Federal Judge Finds Florida Behavioral Healthcare Center Exposes Employees to More than 50 Attacks
UHS of Delaware Inc. and Premier Behavioral Health Solutions of Florida were both fined for not protecting workers.
- By Shereen Hashem
- May 06, 2021
Workplace violence exposure was determined by a federal administrative law judge at a Bradenton behavioral healthcare center. The center and its management company exposed its workers to more than 50 attacks in a two-and-a-half-year period “when residents kicked, punched, bit, scratched, pulled and used desk scissors as a weapon, and that both entities deserve to be sanctioned for destroying surveillance videos,” according to a press release.
In a 170-page decision, the U.S. Department of Labor Law Judge Dennis Phillips found UHS of Delaware Inc., a hospital management company, and Premier Behavioral Health Solutions of Florida Inc. exposed employees to workplace violence and allowed destruction of videos showing evidence of violence at the facility. Premier operates while UHS manages Suncoast Behavioral Health Center in Bradenton as well as more than 300 other behavioral facilities nationwide.
The judge’s decision follows the OSHA investigation at Suncoast in 2017 when a patient stabbed an employee with scissors. OSHA came to the conclusion that both UHS of Delaware and Suncoast exposed employees to workplace violence that included physical assaults and attacks on staff. OSHA cited Premier Behavioral Health Solutions and UHS for proposed penalties of $71,137.
“Violence, particularly against healthcare workers, is a leading cause of injury in the workplace. The U.S. Department of Labor will pursue all available legal actions to hold employers accountable and ensure they take all feasible steps to keep employees safe,” said Regional Solicitor Tremelle Howard in Atlanta.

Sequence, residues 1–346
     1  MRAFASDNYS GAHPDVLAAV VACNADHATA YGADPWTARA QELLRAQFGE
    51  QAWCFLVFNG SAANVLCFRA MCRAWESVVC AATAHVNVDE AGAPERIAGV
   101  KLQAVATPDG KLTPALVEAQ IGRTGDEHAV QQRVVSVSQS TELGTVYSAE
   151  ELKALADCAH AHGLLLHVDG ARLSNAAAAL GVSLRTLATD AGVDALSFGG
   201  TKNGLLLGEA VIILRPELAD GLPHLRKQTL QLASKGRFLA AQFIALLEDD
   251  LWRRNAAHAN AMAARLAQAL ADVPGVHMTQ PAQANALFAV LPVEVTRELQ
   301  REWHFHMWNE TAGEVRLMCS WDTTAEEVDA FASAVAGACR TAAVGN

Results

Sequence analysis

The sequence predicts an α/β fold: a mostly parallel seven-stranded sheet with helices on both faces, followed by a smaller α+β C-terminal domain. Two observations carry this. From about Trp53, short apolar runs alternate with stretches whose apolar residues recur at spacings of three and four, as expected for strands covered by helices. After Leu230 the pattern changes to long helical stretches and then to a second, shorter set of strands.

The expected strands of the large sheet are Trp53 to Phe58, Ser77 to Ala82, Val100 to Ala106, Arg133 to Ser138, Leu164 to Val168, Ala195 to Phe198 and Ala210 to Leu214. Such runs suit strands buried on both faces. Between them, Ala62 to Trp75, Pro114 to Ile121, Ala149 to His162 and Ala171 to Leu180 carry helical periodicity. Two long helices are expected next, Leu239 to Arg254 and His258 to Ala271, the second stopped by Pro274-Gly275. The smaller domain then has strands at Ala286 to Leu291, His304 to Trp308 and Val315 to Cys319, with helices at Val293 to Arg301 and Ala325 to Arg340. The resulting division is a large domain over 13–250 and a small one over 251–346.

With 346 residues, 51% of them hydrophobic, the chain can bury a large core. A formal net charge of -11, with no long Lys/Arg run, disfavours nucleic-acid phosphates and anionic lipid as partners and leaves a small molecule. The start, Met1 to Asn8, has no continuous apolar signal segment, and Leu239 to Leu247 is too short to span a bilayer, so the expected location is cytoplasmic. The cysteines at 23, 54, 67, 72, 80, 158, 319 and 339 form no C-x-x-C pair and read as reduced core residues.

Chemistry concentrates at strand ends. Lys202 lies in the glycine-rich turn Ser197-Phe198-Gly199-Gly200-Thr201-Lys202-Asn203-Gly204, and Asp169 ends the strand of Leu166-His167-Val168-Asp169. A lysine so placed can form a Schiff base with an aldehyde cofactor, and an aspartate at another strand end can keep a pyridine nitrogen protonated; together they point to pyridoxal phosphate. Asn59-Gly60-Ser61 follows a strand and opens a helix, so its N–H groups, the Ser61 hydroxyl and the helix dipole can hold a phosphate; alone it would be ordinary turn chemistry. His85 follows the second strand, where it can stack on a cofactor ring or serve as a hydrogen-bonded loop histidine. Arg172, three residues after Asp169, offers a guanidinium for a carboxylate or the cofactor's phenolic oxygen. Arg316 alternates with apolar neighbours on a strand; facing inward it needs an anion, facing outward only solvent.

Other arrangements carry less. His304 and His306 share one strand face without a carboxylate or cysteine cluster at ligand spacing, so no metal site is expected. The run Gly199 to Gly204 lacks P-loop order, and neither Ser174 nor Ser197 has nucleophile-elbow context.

A 13-day hearing on the merits was conducted by the department’s Regional Office of the Solicitor in Atlanta in April and August of 2019. Department attorneys determined that between January 2016 and July 2018, at least 55 incidents of patients attacking staff occurred.
Judge Phillips assessed a penalty of $12,934, in addition, the judge ordered employers to pay $9,600 in attorney’s fees as a sanction for video surveillance destruction evidence.
The judge found that UHS and Suncoast should implement abatement measures, including:
• Developing and implementing a comprehensive workplace violence program.
• Hiring staff with specialized training in security to be available on all shifts and on all units for the sole purpose of monitoring patients and responding to acts of patient aggression.
• Performing practice drills on how to respond to acts of patient aggression and reconfiguring the nurse’s station so patients are not able to jump over or into it.
This was the fourth trial against a UHS Inc. subsidiary brought by Regional Solicitors’ offices and the second in which the Solicitor of Labor and OSHA named UHS of Delaware as an employer in addition to the subsidiary facility.
Under the OSHA act of 1970, employers are responsible for providing a safe workplace for their employees.